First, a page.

Super Smash Bros. Ultimate – Terry Bogard DLC Review

Terry Bogard from Fatal Fury probably wasn’t on the tip of many people’s tongues when it came to their dream Smash Bros. guest characters. But now that he’s here, what this brawler lacks in broad notoriety, he more than makes up for with his mechanically dense gameplay. He’s one of the most challenging, but also one of the most fun and satisfying characters in Super Smash Bros. Ultimatesee dealSuper Smash Bros. Ultimate$59.49on Amazon to date.

There’s a lot that’s special about Terry, but perhaps most notable is the fact that he has five special moves instead of four, each of which has multiple versions. There are also two super moves that he only gets access too once he’s at 100% damage or higher, a Ryu-style lock-on that always keeps him facing his opponent, and the unique ability to special cancel, which is a holdover from his traditional 2D-fighting-game roots.

If you’ve ever played Ryu or Ken in Smash Bros., you should have a general idea of how Terry controls. Like the Street Fighter duo, being forced to face your nearest opponent makes it a little trickier to perform things like his back air, while also making it a bit easier to defend against cross-ups since you’ll rarely be caught looking the wrong way. It definitely takes some getting used to, but it’s a great way to differentiate the traditional fighting game characters from the rest of the cast while also feeling true to their roots.

Also like Ryu and Ken, Terry has variations on his special moves that depend on the duration of the button press and also whether or not the command input was used. For example, his side-B special, Burning Knuckle, can either be pressed for a quick dash punch, or held for a slower start up but much farther reaching attack. In addition to that though, the command quarter-circle-forward – B can be used to further modify the attack, giving it extra power, and that command can also be pressed or held in the same way.He’s also the only character in Ultimate with a back-special instead of using the same side-special for both directions, so if there’s one thing that Terry isn’t lacking, it’s options. He’s got a projectile, a quick-dashing kill move, a confirmable combo ender that can also kill, and a great approach move that goes through shields and can also catch airborne opponents. His recovery may initially seem to be lacking, but it can be bolstered thanks to his forward-B and down-B, making the angles in which he can recover from somewhat unpredictable.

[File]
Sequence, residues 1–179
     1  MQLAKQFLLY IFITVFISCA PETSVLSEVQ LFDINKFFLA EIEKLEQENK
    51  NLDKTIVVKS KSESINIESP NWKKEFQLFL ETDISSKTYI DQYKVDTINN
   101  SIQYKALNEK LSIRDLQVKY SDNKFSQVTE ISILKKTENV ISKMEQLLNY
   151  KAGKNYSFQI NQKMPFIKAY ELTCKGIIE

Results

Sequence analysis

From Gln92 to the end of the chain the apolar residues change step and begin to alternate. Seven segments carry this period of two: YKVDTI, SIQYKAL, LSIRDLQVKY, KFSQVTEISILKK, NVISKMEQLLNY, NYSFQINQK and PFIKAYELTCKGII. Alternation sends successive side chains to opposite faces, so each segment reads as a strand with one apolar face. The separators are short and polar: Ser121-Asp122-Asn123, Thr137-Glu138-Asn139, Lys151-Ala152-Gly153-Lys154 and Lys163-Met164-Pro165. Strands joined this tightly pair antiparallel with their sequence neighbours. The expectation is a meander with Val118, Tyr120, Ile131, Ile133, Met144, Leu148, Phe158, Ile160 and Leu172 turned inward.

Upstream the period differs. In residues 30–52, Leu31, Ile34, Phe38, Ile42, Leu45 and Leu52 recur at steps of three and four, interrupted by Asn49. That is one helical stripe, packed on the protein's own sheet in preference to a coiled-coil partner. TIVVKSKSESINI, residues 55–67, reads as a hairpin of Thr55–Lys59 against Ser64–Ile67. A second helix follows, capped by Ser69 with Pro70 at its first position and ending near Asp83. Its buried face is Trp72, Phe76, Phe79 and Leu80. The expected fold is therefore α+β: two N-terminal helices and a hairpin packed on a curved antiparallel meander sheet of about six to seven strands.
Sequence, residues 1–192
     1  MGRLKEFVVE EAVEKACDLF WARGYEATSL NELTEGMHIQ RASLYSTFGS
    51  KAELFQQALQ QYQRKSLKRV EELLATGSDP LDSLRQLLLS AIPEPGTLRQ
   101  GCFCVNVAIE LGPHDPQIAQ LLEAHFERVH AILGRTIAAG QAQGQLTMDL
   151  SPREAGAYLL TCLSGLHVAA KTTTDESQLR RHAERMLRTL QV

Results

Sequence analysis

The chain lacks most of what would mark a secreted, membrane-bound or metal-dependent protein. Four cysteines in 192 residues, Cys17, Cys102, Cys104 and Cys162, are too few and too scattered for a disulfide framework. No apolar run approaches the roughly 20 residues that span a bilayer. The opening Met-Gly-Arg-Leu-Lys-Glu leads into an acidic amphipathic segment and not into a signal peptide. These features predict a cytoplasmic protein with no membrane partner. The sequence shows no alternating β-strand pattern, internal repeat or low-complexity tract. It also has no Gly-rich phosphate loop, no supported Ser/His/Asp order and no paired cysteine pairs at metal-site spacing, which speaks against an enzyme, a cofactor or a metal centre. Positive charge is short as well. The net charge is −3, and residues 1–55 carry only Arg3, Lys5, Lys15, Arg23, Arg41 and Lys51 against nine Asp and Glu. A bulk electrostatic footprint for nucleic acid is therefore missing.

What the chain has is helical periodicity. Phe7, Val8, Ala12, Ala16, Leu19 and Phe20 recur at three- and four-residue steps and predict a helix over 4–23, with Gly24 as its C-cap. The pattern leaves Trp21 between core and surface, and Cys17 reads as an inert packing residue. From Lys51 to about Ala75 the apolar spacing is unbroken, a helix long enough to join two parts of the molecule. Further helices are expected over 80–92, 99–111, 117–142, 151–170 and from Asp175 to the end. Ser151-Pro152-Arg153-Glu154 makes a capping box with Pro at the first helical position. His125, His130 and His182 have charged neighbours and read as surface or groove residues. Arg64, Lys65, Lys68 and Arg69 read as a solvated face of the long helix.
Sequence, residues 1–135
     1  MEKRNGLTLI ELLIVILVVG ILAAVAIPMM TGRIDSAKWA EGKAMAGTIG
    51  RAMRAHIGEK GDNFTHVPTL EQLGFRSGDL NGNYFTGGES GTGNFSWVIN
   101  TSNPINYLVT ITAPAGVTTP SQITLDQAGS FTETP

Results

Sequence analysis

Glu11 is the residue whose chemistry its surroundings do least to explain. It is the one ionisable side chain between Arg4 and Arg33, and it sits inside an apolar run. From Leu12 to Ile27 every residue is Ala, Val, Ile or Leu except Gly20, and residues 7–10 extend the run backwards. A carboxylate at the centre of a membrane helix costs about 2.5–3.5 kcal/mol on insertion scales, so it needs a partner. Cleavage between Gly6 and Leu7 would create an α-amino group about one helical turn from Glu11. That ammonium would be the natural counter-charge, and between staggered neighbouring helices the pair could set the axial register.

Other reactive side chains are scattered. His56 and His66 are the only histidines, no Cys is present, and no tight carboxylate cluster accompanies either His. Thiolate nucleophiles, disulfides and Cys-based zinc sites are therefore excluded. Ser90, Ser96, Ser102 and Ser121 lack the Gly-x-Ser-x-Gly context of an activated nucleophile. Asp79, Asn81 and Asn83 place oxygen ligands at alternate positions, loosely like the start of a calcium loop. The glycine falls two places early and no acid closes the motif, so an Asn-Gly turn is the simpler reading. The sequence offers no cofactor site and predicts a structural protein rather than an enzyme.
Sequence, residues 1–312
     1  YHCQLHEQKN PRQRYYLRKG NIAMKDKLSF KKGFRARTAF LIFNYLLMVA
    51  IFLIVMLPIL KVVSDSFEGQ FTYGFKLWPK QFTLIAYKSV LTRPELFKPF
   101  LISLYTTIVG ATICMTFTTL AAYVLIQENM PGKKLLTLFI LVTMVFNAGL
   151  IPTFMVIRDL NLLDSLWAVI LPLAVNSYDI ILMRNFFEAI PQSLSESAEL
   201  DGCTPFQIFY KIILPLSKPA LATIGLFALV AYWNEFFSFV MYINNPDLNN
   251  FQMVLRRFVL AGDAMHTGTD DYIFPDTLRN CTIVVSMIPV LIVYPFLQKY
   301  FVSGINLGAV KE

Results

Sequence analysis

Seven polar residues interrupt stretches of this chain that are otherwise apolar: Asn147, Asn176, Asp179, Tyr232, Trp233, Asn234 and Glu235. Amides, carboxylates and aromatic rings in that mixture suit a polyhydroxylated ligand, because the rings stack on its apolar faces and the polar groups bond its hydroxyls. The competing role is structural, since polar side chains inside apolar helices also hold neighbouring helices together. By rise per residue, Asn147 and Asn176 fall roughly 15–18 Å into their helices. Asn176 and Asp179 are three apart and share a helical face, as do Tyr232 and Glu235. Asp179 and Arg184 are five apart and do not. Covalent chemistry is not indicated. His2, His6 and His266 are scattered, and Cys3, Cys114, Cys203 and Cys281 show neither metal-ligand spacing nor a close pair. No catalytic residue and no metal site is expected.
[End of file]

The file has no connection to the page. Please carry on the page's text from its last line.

And, if that wasn’t enough, he also has a comeback mechanic in the form of his super moves, which he gains access to once he’s at 100% or higher, or below 1/3rd of his HP in a stamina match. These moves can be quite punishable if your enemy sees them coming, but at low percentages they can be combo’d into, and at high percentages they’re extraordinarily effective kill moves. Just the threat of them being available is enough to make your opponent think twice about jumping towards you, out of fear of the Power Geyser, or getting too comfortable at long range out of fear of Buster Wolf.

The biggest and most exciting mechanic for Terry, though, is his ability to special-cancel just like he would in the fighting games he’s from. This means he can cancel the recovery animation of certain attacks and go right into a special move. His jab combo, specifically, can be special-canceled after the third hit into his command-input down-B for an effective kill set-up off of just a jab. His forward-A can cancel into a back-B for easy damage with good range, or if you’ve got a super loaded, it can combo into his buster wolf. As someone who loves traditional 2D fighters, having combos like this in Smash is a wonderful alternative.

Terry can special-cancel just like he would in the fighting games he’s from.

My only real big issue with Terry is that the leniency of the command inputs can often cause you to use a move that you didn’t intend to. That’s a bit of a frustrating problem, but one that I can see practice mitigating a substantial amount.

Terry’s stage is also one of a kind. It’s a completely flat plane, a la Final Destination, but removes the off-stage game entirely. The edge of the screen is essentially a wall that will bounce characters off it at low percentages – but if you hit a character through with enough force you’ll secure the kill. I’m mixed on this because off-stage action is one of the elements that makes Smash Bros. such a unique fighting game, but it also allows for wall combos and provides an interesting twist on the flat competitive style of Final Destination, which is a win in my book.

SNK was also extremely generous when it comes to lending Nintendo its music. This DLC includes a total of 50 tracks that spans not only the Fatal Fury and King of Fighters series but the entirety of SNK’s library of games, including Metal Slug, Samurai Shodown, Psycho Soldier, and more. It’s awesome.


As much as I have enjoyed all of the DLC characters in Super Smash Bros. Ultimate so far, Terry is the first one that has me seriously considering adopting him as a main. He’s versatile, complex, unique, and most importantly, super fun to play. He’s an excellent blend of Smash Bros. and traditional 2D fighting games, and even those who don’t know who he is should give The Legendary Hungry Wolf a shot.

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